Seems many folks are trapped into the romantic dogfight scenario, and there some situations where that could happen. Besides avoiding those, then it is true we need a capability to at least avoid death and escape to fight again another day. But that should not be the primary driver of all the aero and mission requirements.

This is a good original thread for introducing philosophical and tactical stuff, but prolly needs to go someplace else.

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Unread post10 Jul 2020, 20:08

We've just invented the camouflage fatigue, but our dialogues remain mired in how it will allow us to get off better bayonet charges.
We're 19th century people looking at an image of a 21st century soldier, incessantly wondering about why his combat knife is so short.
"Oh the camouflage is to help bring him inside pike range"
"The short blade is so he can be quicker on the draw once he got close in"
"This camouflage uniform seems stupid, I would definitely see him before he got past my musket"

The idea of hiding under a bush with a laser rangefinder ("that doesn't look like a sword to me") and calling in an airstrike is just such an alien topic that nobody wants to think about it: "That's not fighting!"
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Unread post11 Jul 2020, 05:09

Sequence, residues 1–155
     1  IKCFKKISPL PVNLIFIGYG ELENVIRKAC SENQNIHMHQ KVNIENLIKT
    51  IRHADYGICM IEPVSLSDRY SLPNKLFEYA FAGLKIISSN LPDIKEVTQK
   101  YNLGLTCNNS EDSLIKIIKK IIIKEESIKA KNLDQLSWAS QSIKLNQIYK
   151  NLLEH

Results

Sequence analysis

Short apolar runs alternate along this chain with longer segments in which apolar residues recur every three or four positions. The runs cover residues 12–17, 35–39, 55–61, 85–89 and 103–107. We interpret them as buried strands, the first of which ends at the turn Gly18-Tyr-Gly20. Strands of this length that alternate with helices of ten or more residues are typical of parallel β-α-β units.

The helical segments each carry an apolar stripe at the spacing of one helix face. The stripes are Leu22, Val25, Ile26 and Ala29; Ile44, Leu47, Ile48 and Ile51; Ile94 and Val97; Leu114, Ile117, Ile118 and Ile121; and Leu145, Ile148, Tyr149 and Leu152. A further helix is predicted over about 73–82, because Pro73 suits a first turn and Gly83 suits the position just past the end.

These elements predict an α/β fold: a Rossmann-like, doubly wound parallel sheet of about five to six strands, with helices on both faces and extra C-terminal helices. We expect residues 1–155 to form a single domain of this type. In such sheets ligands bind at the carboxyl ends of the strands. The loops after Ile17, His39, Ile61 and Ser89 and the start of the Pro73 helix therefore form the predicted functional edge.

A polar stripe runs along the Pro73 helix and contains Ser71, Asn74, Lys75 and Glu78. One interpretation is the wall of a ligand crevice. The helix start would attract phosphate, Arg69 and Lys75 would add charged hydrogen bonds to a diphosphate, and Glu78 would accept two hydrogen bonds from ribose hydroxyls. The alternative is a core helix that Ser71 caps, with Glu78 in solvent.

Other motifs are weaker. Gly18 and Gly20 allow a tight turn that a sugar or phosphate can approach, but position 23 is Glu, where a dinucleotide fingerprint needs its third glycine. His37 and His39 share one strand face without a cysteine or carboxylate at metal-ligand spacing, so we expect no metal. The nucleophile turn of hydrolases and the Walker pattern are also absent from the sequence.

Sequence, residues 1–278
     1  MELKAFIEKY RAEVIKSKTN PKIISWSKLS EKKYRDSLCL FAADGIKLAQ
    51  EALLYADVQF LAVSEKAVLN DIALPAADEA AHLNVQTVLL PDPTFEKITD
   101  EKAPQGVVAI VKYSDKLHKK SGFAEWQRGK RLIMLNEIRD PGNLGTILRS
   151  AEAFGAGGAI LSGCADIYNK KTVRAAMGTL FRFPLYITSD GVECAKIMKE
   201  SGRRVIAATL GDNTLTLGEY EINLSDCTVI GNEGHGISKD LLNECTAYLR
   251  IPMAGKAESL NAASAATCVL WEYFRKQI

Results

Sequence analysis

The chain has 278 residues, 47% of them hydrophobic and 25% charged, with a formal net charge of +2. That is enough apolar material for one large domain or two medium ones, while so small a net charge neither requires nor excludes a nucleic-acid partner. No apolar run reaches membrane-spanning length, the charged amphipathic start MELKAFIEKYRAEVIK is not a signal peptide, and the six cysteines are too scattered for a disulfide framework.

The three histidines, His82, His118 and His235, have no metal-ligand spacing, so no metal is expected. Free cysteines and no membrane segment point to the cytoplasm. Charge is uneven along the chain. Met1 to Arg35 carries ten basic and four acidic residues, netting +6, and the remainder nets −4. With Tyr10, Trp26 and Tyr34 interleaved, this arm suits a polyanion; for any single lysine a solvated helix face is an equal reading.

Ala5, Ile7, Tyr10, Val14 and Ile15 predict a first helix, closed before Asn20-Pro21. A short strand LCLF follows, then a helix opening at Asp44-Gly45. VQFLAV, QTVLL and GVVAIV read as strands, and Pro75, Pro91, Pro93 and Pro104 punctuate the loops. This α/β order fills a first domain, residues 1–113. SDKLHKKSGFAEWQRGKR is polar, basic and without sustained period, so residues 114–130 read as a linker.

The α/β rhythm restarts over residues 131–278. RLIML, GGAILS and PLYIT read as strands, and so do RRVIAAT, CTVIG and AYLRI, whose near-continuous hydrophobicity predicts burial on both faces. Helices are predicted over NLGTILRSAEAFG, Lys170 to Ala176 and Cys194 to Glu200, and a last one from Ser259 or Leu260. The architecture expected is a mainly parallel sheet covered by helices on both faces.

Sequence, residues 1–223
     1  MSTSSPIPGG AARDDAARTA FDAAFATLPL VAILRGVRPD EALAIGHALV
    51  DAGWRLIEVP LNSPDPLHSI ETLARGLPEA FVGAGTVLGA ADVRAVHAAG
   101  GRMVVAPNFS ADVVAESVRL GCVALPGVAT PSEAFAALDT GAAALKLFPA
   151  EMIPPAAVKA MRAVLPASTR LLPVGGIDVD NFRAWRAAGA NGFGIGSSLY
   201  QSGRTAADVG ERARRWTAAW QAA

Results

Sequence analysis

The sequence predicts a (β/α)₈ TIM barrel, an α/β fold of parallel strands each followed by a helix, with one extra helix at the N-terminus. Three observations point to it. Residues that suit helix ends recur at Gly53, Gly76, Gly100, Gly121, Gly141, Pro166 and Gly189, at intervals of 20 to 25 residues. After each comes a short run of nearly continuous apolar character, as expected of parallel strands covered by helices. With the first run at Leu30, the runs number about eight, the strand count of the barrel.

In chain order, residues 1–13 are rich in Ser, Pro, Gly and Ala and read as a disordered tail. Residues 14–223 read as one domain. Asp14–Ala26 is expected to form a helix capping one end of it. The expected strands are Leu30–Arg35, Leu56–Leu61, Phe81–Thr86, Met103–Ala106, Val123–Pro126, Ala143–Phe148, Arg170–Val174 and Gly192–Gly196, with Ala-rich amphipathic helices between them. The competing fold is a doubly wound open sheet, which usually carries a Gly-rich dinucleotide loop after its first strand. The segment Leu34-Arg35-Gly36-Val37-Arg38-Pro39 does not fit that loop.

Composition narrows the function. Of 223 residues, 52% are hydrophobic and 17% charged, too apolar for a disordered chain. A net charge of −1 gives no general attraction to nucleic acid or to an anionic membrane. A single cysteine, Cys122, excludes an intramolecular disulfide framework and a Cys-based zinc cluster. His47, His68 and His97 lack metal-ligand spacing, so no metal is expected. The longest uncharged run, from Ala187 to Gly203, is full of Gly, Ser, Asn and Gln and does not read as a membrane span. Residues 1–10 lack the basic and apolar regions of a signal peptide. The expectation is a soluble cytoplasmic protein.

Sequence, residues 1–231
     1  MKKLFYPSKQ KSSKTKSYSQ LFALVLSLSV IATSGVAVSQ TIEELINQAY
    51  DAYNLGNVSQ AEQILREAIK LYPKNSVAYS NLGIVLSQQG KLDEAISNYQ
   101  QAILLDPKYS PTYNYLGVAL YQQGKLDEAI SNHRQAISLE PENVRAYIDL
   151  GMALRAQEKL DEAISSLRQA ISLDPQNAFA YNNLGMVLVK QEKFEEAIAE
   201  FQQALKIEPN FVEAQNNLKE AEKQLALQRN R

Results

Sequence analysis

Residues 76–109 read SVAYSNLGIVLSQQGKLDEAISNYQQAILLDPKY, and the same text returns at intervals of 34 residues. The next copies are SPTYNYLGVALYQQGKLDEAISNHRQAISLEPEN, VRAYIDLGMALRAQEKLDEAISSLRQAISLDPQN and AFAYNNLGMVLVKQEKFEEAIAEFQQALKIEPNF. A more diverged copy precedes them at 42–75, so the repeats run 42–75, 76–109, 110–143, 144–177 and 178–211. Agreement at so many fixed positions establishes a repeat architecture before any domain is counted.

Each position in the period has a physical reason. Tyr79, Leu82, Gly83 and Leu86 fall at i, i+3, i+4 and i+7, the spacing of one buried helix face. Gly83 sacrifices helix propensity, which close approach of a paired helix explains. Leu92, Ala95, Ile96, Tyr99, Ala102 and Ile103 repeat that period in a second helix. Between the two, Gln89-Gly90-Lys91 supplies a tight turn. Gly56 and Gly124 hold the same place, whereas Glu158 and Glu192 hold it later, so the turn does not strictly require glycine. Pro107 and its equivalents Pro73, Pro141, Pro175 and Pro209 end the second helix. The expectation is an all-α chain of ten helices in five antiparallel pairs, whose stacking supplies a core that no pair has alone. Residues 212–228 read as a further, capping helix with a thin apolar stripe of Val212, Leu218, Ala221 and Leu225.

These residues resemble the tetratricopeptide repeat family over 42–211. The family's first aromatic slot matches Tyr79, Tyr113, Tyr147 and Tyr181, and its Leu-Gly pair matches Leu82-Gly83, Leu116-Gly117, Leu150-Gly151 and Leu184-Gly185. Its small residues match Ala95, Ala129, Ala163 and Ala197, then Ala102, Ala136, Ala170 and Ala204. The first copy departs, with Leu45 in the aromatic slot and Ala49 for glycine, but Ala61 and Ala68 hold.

Gums wrote:Salute!

@ Steve

Problem with the great instantaneous turn rate, and the immense gees you incur at 350 or 400 CAS knots and above bleed the big "e" more than you can imagine.
Hard to get back those 60 or 70 or 100 knots. But if that's your only shot, then take it, huh? Then figure out how to escape.
=============================
Seems many folks are trapped into the romantic dogfight scenario, and there some situations where that could happen. Besides avoiding those, then it is true we need a capability to at least avoid death and escape to fight again another day. But that should not be the primary driver of all the aero and mission requirements.



Further reflection suggests that the F-35 is so dangerous because the pilot has the option to play the E game, and keep his (or her) E high... but also has the option to cash in those E chips in a hurry, if it gives him the angles advantage to hose off an AIM-9X. And with that GREAT BIG MOTOR the pilots all like to rave about, it sounds like he can regain his E toot suite.